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Greg Shulman
By Greg Shulman
Thursday, November 3, 2011 - 15:28

Selecting which plastic material to use for your injection molding process can be a lot like deciding on a new car—you have to know what you need to use it for in order to make the right decision. You wouldn’t buy a sport car if you needed to haul gravel, would you? Just like with vehicles, plastic grades each have their own strengths and weaknesses. This is one of the things that I love about plastics—there is no “best” type of plastic. The best kind of polymer for any project is one that will perform accordingly with the part’s intended use in the most cost effective way.

For instance, polycarbonate is a very popular material. It is very tough, can be colored in all kinds of ways, and has a relatively high working temperature. However, being an amorphous plastic, it is not very resistant to chemical degradation. So if your part will see lots of cleaning with harsh chemicals, polycarbonate might not be the direction you should look in.

Likewise, you may have a part that needs high abrasion properties. In this case, nylon would be a great choice! However, nylon has a tendency to absorb water and lose its mechanical properties in the process. So if your part’s working environment is fairly wet, an acetal might be a better choice for your project.

It is essential, when selecting materials, to keep two things in mind—what you need a plastic to be able to do, and what environmental conditions your parts will encounter. The goal here is to use a material in an environment where it encounters some or all of its positives and none of its weaknesses. And hey, if you’re in need of a bit of help, that’s one of things that the engineering team here at Elite Plastics is for. We can help you figure out what will and won’t work and can even make suggestions for your projects. Ultimately, however, the choice is up to you. So what does your project need?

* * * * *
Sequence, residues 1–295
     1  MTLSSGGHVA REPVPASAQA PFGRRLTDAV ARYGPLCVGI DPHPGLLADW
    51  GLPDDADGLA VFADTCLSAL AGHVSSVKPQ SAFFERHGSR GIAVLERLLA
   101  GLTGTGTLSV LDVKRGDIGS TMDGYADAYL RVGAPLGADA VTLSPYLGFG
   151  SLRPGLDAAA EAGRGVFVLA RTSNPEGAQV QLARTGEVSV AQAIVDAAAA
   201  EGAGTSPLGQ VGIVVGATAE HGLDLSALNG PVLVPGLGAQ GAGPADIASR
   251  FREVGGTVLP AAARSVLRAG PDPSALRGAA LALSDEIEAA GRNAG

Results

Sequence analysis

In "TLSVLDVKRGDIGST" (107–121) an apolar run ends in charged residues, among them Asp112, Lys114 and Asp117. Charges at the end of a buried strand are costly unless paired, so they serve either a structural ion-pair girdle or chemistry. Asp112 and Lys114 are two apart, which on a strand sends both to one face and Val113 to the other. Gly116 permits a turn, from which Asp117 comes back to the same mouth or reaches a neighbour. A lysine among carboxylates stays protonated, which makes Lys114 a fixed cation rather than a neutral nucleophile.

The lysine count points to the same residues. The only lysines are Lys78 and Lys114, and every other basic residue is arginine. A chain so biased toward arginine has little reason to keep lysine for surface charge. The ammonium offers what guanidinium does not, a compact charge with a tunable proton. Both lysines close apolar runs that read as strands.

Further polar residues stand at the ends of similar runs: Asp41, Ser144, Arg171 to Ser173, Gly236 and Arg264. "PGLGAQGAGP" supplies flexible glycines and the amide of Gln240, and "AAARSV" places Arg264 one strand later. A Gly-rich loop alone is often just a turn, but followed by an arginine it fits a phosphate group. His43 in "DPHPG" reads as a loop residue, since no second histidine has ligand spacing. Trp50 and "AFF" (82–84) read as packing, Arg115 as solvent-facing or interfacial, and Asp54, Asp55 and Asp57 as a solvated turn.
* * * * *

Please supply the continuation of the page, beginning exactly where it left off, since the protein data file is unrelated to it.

Mike Bogle
By Mike Bogle
Wednesday, September 28, 2011 - 15:19

Machined plastic parts have inherent benefits over their metal counterparts.  Chief among them are chemical, corrosion and wear resistance.   

The photo to the right is an excellent illustration of this.  The cast iron sleeve bearing shown is heavily oxidized and is leaching contaminant, whereas the plastic bearing shows no sign of wear or oxidation and runs clean in its’ working environment.

These benefits often translate into substantial longterm cost savings as maintenance becomes less frequent over time.